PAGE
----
A Litany of White Loss

By Marc Dion

January 15, 2021 5 min read

Donald J. Trump is the white mans' last stand, or at least I think many of his supporters look at him that way. If you understand that, you understand why they voted for such an unqualified disaster of a candidate, and you understand why they'll kill police officers to save him.

While newspapers, books and movies celebrate the civil rights movement, the gay rights movement, and the women's rights movement, there is a kind of white man for whom each one of those things was a defeat.

For those people, advancing equality wasn't a victory FOR all of us, it was a loss suffered BY straight, white men and their spouses.

And the losses kept coming.

Black heavyweight champion. All-black sports teams. Black senator. Hispanic mayor. Gay cop. Female senator. Female gay senator. The first black man on your job. The first female boss you ever had.

The answer to discriminatory hiring was "un-American affirmative action," as some call it, the government's fumble-fingered attempt at reversing a couple hundred years of oppression. Affirmative action would never have been necessary if companies willingly hired and promoted women, African Americans and gays. Companies have no problem keeping African Americans out of jobs but weep great salty tears when forced to reverse their bad hiring practices.

To the white man or woman on the ground (and likely to stay there), it's hard not to see the progress as the loss of guaranteed jobs, guaranteed all-white neighborhoods, a largely white National Football League, and the dreaded Walmart unisex bathroom where transsexuals hang from the ceiling like vampire bats.

A black president was the one insult that could not be endured, the one loss that was too much, and a great number of Americans (though not a majority), responded to a dark-skinned president by electing a fat, crude, white boss straight out of 1952.

Down on the ground, in the places where you find the check-cashing storefronts, everything that is taken from you goes to someone else, and there isn't nearly enough to go around, or at least there isn't if white people get four pieces out of every six-piece pie, leaving the rest of us with two pieces to split too many ways.

And it does no good to say there's enough pie to go around if everyone gets an equal-sized piece because the people who used to get the bigger pieces don't like getting smaller pieces, not even if the smaller piece is not that much smaller.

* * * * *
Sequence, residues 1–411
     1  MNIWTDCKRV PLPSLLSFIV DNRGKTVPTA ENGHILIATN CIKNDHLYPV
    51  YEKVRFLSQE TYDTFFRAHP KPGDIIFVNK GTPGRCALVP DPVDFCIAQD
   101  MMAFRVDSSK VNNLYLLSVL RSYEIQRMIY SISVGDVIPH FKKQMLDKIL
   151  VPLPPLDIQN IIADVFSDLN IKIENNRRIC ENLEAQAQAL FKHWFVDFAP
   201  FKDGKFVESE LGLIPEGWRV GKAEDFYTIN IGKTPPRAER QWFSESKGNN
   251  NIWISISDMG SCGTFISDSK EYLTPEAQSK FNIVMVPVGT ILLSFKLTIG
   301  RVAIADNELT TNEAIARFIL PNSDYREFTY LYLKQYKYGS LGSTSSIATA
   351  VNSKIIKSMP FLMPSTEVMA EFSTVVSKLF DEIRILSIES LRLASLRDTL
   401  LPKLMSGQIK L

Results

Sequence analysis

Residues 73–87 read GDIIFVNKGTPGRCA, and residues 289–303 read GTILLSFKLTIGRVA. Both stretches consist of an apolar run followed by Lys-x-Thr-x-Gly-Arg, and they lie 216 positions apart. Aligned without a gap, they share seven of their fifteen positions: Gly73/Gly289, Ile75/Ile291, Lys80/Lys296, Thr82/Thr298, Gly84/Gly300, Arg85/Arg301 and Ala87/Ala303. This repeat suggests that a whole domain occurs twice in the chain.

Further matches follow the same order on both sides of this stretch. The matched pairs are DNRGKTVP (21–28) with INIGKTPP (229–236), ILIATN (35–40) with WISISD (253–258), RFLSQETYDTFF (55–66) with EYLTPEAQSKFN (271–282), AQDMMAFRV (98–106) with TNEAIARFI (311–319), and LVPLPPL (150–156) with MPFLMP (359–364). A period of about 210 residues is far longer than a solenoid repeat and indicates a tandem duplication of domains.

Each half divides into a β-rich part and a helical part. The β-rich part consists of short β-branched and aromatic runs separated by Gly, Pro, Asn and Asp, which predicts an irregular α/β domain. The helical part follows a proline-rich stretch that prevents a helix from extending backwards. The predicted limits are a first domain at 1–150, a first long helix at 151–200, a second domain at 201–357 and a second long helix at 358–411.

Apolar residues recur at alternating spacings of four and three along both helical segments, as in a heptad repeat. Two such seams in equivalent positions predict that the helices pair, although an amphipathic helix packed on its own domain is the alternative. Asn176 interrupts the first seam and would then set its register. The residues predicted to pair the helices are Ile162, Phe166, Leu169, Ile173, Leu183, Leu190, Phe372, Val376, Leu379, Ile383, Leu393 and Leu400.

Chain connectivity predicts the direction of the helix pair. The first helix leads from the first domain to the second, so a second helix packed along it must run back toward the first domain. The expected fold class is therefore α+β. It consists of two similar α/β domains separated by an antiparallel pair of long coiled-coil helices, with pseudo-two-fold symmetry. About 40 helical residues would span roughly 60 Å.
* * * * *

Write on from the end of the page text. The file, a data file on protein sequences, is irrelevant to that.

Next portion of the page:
And so we fight, and we scrap, and we brawl over the integration of Major League Baseball as though it made a difference, and we defend Aunt Jemima as though she were Lady Liberty herself because losing even a syrup label that glorifies slavery is another loss to white people.

Turn civil rights on its head, and you see the terrible story some white people tell ourselves, a story of post office jobs going to "them," of the flight from all-white segregated Chicago neighborhoods that could no longer keep dreaded African Americans out, of the female boss who controls you the way the boss always has but is not, by God, a man.

It binds and it chafes and it grinds because everything you and your father and your grandfather took for granted now belongs, at least in part, to the "other." Even the seal and the office of the president of the United States of America is not safe.

And so, in one last convulsive heave of effort, a great number of white people pushed back against the hand on the clock, striving to stop time, and maybe push it back a little.

That seldom works. Push against history's second hand, and you will either fail to stop it or you will break the clock.

Soldiers patrol Washington, D.C., gaining minutes for the people who are desperately trying to fix the clock.

To find out more about Marc Munroe Dion, and read features by other Creators.Com writers and cartoonists, visit www.creators.com. Dion's latest book, a timely collection of his best columns, is called "Devil's Elbow: Dancing in the Ashes of America." It is available in paperback from Amazon.com, and for Nook, Kindle, GooglePlay and iBooks.

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